Friday, 19 December 2014

The trouble with 'objective' journalism

'It was the built-in blind spots of the Objective rules and dogma that allowed Nixon to slither into the White House in the first had to get Subjective to see Nixon clearly, and the shock of recognition was often painful.' - Hunter S Thompson, 'He Was a Crook'

Still thinking about something I saw on the news on Monday night. A journalist was interviewing people for vox pops in Great Yarmouth after Labour's immigration announcement. One of the people he interviewed said 'I don't complain about the immigrants taking the jobs because a lot of the locals won't do the jobs. But it's these benefits they get - free cars, free houses...'
Immigrants don't get free cars.
Immigrants don't get free houses.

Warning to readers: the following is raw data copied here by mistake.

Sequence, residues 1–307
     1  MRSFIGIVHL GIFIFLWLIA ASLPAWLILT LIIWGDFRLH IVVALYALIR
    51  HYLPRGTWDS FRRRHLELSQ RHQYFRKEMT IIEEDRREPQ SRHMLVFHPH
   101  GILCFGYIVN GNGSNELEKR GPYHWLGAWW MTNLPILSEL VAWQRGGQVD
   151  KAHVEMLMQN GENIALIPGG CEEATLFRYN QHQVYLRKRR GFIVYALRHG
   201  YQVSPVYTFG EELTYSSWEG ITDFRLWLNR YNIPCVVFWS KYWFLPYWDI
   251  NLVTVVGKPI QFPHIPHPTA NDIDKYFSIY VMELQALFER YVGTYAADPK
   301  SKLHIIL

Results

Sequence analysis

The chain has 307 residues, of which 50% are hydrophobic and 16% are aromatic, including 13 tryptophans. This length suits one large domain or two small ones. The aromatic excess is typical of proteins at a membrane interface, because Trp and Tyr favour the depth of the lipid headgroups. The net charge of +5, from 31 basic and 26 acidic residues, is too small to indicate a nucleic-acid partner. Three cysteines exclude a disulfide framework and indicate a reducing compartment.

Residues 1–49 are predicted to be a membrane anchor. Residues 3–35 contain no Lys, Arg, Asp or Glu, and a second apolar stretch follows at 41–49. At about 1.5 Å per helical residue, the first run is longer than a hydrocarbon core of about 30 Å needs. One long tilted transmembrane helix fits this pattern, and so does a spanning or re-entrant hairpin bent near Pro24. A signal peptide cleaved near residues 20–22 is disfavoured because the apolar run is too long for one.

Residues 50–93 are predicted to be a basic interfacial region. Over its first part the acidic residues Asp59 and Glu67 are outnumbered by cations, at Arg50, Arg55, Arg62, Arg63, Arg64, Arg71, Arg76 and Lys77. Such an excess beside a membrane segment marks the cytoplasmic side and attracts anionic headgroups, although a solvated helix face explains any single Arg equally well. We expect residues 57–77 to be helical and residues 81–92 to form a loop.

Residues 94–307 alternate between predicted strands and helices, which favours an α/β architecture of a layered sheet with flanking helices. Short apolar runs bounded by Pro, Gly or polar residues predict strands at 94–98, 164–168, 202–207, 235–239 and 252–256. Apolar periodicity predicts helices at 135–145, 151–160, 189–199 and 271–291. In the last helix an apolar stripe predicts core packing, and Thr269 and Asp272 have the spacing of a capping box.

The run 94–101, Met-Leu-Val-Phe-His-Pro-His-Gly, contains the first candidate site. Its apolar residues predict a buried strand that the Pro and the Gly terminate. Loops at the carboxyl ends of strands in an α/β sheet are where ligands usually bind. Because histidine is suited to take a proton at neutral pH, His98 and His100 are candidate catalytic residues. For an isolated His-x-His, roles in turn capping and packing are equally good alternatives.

This is generally known, by people who've looked into it - such as journalists. We know this stuff about free cars and houses is made-up - and, in the case of the free cars thing, we can specifically trace it to a bullshit column from professional opinion-haver Carol Malone, back in 2009.
But the journalist didn't correct this woman - even though what she said was demonstrably untrue - because that might have been thought 'biased'. This is where so-called 'objective' journalism lets us all down: because people watching that programme will have seen these words about free cars and free houses go unchallenged, and will think 'well, it must be true - someone said it on the news'.
It's especially annoying that this was the Channel 4 News; if their reporters can take it on themselves to confront a hipster doofus over the cost of his overpriced Lucky Charms, you would think they would also be willing to call someone out for spreading this poisonous, racist 'free cars' bullshit. 
You would think so, but you would, it seems, be wrong.

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